Cry, the Beloved Country Summary – Book I Chapters 1-4
Cry, the Beloved Country begins in the tribal village of Ndotsheni, in the province of Natal. Ndotsheni is an impoverished village in a valley, where the soil is so poor it can barely support the people who live there. All the young people have left, leaving only the old, and mothers with children.
A child brings a letter to the Reverend Stephen Kumalo at his home. The letter is from Theophilus Msimangu, at a Mission House in Johannesburg, and says that Kumalo’s sister Gertrude is sick and he should come quickly. Kumalo takes the money that he and his wife had wanted to reserve for schooling for Absalom their son. Like Gertrude, and Kumalo’s brother John, Absalom went to Johannesburg and never returned or wrote. Kumalo is also forced to take the money he was saving to buy his wife a stove.
Kumalo catches a train from Carisbrooke, a town at the top of the valley, for the long journey to Johannesburg. He is apprehensive about his trip, since he has never been to the great city before. His fellow-passengers are all black people, since the whites use cars for transportation.
After traveling overnight in the train, passing the mines on the way, he arrives in Johannesburg. He then has to make his way by bus to Sophiatown, where the Mission House is. A young man tricks him by offering to buy his ticket and then disappearing after he has taken Kumalo’s money. Another man befriends him, and when they reach Sophiatown, he takes Kumalo direct to the Mission House, where he meets Msimangu.
Book I Chapters 1-4 Analysis
The short first chapter, consisting of only four paragraphs, sets out one of the basic issues the novel will examine: the inequitable distribution of land in South Africa. The fertile richness of Carisbrooke, at the top of the valley, is contrasted with the barrenness of Ndotsheni. The white people have taken the best land, leaving the black population to manage as best they can. Since the soil in Ndotsheni is so poor, the young people have been forced to go to the industrial city of Johannesburg, where many of them find work in the mines. This leads to social disintegration, because the old tribal culture gets lost in the wilderness of the big city. This is what lies behind the apprehension that Kumalo feels as he travels to Johannesburg: “Deep down the fear of a man who lives in a world not made for him, whose own world is slipping away, dying, being destroyed, beyond any recall” (chapter 3).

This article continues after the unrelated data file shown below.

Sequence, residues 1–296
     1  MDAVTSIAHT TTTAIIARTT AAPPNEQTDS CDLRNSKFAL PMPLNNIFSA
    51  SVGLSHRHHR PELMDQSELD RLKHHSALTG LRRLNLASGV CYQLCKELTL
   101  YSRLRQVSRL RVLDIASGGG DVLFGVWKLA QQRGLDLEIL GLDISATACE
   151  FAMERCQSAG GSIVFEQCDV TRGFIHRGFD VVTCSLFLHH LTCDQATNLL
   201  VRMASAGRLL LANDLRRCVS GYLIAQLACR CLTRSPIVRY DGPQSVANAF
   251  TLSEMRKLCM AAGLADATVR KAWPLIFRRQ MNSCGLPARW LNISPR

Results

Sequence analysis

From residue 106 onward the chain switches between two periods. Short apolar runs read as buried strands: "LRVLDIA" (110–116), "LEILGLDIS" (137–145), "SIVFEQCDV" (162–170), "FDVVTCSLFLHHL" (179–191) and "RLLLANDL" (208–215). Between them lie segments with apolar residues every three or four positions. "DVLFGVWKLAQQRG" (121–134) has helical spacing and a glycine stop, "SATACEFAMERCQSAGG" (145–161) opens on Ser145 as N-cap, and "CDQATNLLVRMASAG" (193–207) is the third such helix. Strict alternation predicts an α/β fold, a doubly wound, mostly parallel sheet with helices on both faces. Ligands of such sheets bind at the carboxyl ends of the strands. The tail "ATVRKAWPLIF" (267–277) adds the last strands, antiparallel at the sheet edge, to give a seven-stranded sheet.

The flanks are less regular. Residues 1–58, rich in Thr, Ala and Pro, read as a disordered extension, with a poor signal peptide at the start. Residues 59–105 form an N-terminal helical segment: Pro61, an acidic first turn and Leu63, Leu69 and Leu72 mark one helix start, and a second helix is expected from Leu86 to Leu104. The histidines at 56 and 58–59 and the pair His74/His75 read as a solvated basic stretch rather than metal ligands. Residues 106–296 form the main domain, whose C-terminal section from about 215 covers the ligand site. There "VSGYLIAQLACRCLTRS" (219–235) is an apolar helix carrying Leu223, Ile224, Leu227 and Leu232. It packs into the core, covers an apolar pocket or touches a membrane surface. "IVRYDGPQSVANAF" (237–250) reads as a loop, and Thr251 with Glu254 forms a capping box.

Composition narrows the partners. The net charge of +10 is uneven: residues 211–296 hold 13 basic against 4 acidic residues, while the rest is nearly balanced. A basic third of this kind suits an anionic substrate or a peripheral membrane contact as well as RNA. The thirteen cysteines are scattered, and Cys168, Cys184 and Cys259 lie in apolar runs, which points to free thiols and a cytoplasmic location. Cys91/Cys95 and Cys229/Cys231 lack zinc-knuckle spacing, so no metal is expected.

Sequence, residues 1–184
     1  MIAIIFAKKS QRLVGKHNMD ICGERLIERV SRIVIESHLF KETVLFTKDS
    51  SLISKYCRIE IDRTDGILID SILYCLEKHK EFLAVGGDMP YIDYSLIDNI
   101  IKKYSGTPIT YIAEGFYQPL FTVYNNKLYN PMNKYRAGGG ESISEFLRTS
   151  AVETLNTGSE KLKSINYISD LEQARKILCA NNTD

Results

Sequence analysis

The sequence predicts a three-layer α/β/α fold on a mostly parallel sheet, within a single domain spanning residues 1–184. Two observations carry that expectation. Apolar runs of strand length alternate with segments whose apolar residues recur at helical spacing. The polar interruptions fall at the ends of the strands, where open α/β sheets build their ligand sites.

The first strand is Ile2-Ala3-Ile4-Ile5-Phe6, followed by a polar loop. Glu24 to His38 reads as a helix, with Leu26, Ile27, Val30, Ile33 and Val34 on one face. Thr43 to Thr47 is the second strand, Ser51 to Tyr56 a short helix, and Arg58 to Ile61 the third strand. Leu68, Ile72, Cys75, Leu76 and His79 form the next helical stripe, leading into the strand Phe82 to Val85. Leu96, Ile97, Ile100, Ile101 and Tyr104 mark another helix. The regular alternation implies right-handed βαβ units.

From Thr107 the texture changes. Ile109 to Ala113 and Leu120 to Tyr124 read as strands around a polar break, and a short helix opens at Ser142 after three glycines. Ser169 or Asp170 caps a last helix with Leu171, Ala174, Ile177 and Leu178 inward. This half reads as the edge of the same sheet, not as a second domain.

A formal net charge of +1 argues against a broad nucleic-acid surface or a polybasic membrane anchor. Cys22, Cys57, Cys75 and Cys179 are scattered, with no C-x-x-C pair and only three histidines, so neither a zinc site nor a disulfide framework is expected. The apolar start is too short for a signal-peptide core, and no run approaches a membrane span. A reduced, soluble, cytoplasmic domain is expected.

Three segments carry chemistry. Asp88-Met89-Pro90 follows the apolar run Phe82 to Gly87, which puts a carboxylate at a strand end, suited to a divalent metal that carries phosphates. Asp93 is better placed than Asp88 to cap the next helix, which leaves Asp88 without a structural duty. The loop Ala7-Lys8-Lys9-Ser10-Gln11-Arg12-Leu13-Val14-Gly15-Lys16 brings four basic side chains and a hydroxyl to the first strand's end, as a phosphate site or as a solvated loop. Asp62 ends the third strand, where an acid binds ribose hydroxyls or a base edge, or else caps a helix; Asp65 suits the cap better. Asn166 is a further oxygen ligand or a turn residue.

Cry, the Beloved Country Summary – Book I Chapters 5-8
Kumalo has dinner at the Mission House with Msimangu and some other priests. The priests tell him about how white people in Johannesburg are afraid of black crime. Later, Kumalo tells Msimangu about Gertrude, who had gone with her small child to Johannesburg to look for her husband, who had gone to work in the mines. Msimangu tells Kumalo that his sister has become a prostitute and lives in Claremont, one of the worst areas in the city. Kumalo explains about his son, and Msimangu promises to help him find him. He also takes him to the home of Mrs. Lithebe, where he is given a room for his temporary stay.
Msimangu and Kumalo go to Claremont, where Kumalo finds his sister. He tells her he has come to take her and her child back. She consents, and Kumalo arranges for them to take a room in Mrs. Lithebe’s house. He is relieved and feels he is beginning to rebuild the tribe.
Kumalo buys some clothes for Gertrude and the boy. Then he and Msimangu begin the search for his son. First they visit John, Kumalo’s brother, who explains how different life is in Johannesburg than in Ndotsheni. He prides himself on making a decent living as a carpenter and being a man of influence in his community. He explains his political views to his brother, about the social inequalities between black and white, the poor pay in the mines while the white people get rich on their labor. He tells Stephen that his own son is friends with Absalom, and says they are both working in a factory in Doornfontstein. In Doornfontstein, Msimangu and Kumalo find that Absalom left the factory a year ago. They are given the name of a landlady, but she tells them Absalom is not there, and there are hints that he has got into some bad company. She gives them another address, c/o Mrs. Mkize in Alexandra.
The next morning, they plan to take a bus to Alexandra. But the black people are boycotting the buses because the fares are too high. Kumalo and Msimangu decide to walk the eleven miles, but when they have gone several miles a white man gives them a ride. They arrive in Alexandra, which is a mainly black, high crime area. Mrs. Mkize tells them that the two young Kumalos left a year ago. She seems fearful, and Kumalo knows that something is wrong. Msimangu goes back to the house alone, and the woman explains how the Kumalos used to bring stolen property back to the house. She does not know where they have gone, but directs them to a taxi-driver who was friends with them. The taxi-driver tells them that Absalom has gone to a place called Orlando, where he lives with the squatters in Shanty Town. Msimangu and Kumalo take the taxi back to Johannesburg.
Book I Chapters 5-8 Analysis